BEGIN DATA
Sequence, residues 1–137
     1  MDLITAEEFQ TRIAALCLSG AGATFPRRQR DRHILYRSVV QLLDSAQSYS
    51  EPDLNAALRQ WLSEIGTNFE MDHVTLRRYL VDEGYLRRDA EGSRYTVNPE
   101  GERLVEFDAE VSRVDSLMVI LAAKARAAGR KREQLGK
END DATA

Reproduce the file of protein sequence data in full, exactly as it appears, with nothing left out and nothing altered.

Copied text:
Sequence, residues 1–137
     1  MDLITAEEFQ TRIAALCLSG AGATFPRRQR DRHILYRSVV QLLDSAQSYS
    51  EPDLNAALRQ WLSEIGTNFE MDHVTLRRYL VDEGYLRRDA EGSRYTVNPE
   101  GERLVEFDAE VSRVDSLMVI LAAKARAAGR KREQLGK